Editors: Beatriz Caiuby Labate, Ph.D candidate in Social Sciences at UNICAMP, MA in Anthropology from Unicamp (2000 ANPOCS prize for best thesis in the Social Sciences), Researcher with NEIP (Center for Interdisciplinary Studies of Psychoactives) and Sandra Lucia Goulart, Ph.D in Social Sciences from Unicamp, MA in Social Anthropology from USP, Researcher with NEIP.

Publisher: Editora Mercado de Letras, Campinas/SP - Brazil

Tel: 55 + 19 + 3241 7514

Format: 16 x 23 cm, illustrated – 520 pp.

(Support from the Fapesp - Research Support Foundation of the State of São Paulo)

Price: R$ 65 (US$ 24,50 + shipping fee)


Press release:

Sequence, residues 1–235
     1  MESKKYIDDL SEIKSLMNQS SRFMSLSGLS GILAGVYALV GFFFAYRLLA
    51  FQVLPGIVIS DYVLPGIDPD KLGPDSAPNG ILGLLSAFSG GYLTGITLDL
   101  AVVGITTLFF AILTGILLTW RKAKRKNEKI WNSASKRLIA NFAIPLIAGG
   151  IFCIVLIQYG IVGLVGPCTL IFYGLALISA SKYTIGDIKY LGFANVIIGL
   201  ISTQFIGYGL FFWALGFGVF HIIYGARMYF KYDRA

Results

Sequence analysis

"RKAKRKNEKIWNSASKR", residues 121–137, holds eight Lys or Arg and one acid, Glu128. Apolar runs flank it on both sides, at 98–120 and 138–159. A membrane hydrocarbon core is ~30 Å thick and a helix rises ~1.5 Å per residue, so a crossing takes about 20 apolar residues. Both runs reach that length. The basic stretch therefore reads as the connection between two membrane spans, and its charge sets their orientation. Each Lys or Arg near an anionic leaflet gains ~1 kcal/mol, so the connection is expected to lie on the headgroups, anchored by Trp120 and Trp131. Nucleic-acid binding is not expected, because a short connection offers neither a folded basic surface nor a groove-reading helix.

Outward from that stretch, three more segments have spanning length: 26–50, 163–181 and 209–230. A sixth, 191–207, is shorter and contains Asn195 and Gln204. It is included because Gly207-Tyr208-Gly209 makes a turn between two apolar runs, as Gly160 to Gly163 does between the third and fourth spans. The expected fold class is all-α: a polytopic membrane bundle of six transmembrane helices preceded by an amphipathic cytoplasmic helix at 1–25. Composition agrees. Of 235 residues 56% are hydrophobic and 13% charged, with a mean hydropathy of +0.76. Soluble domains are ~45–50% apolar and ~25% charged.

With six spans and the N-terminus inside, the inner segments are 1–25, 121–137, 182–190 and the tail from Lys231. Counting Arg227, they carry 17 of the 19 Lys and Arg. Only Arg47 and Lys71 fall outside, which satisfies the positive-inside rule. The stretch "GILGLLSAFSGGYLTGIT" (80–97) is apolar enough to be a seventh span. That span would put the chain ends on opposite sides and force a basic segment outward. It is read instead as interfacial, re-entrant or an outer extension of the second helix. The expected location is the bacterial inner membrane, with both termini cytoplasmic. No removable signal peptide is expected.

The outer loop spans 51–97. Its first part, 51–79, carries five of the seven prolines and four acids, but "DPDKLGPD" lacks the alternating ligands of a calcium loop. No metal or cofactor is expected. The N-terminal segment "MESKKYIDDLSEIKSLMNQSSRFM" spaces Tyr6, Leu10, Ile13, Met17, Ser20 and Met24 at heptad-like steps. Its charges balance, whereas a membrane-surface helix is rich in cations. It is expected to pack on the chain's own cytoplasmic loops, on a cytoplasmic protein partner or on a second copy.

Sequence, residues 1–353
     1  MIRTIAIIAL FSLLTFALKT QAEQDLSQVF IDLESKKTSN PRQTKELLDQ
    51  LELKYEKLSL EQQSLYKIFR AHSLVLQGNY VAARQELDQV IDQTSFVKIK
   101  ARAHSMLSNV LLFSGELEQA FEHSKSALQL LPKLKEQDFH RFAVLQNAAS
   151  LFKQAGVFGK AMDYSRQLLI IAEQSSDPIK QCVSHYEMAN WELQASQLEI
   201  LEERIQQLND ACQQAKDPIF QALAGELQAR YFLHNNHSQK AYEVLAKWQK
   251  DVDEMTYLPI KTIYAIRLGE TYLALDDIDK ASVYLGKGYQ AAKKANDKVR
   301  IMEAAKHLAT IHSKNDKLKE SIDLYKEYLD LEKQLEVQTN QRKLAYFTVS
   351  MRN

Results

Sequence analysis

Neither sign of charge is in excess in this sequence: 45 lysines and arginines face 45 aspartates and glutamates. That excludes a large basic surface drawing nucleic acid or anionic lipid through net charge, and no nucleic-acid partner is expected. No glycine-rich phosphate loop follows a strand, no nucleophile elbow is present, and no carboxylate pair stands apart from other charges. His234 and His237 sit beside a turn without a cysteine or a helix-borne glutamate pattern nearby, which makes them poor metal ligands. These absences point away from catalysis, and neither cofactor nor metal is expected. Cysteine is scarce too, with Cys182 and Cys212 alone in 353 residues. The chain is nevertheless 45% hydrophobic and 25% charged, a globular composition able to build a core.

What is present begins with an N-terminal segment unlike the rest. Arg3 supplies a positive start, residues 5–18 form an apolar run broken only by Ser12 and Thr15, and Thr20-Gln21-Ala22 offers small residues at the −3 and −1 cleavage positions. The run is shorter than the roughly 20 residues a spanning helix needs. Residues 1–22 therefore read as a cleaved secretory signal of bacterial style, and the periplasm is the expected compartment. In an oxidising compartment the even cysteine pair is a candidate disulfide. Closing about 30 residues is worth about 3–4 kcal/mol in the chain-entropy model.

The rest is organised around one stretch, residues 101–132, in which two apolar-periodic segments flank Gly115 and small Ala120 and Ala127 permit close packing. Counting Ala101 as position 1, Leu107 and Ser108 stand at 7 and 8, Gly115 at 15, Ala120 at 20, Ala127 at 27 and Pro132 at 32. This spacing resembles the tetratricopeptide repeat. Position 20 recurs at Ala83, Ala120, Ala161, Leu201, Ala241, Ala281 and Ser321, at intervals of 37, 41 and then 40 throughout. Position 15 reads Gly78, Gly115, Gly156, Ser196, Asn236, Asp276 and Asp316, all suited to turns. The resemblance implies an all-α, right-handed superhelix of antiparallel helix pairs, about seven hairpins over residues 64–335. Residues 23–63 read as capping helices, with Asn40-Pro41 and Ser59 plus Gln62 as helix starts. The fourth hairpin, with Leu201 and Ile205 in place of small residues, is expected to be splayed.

This volume brings together fourteen chapters by collaborators from five countries to fill a void in the Social Sciences around the theme of drugs or psychoactive plants. Through its focus on the ethnology, anthropology, history, and ethnobotany the book analyzes the various contexts in which psychoactive substances are consumed. Subjects include the various snuffs used by Amazonian indigenous peoples, roots such as the northeastern Brazilian jurema and Gabon’s iboga, coca leaf in the Andes and Amazonia, Cannabis in Afro- and indigenous contexts, ayahuasca from the Peruvian jungle to Brazil’s large cities, and other, lesser-known species. The book highlights the ways the consumption of such “power plants” is linked to the organization of cosmological systems, the rise of rich syncretic religions, the assertion of social identity, the management of religious or tribal conflicts, artistic creation, and self-knowledge, among other things. The use of these substances implies an articulation among various areas of life, such as politics, curing, shamanism, aesthetics, and culture. The analysis of the various agents and contexts makes explicit continuities and discontinuities between various modes of usage, from religious to profane, modern to traditional, and between natural and artificial substances, thus rupturing dichotomies of little use to reflections about “drugs.” While the book emphasizes the ritual and religious uses of psychoactives practiced in different cultures and historical moments, it is also useful for thinking about the consumption of drugs in contemporary society, indicating alternatives to the merely prohibitionist policies linked to the illicit market that simply disseminate ever greater levels of violence, misery, exclusion, and war (Translated to English by Matthew Meyer).


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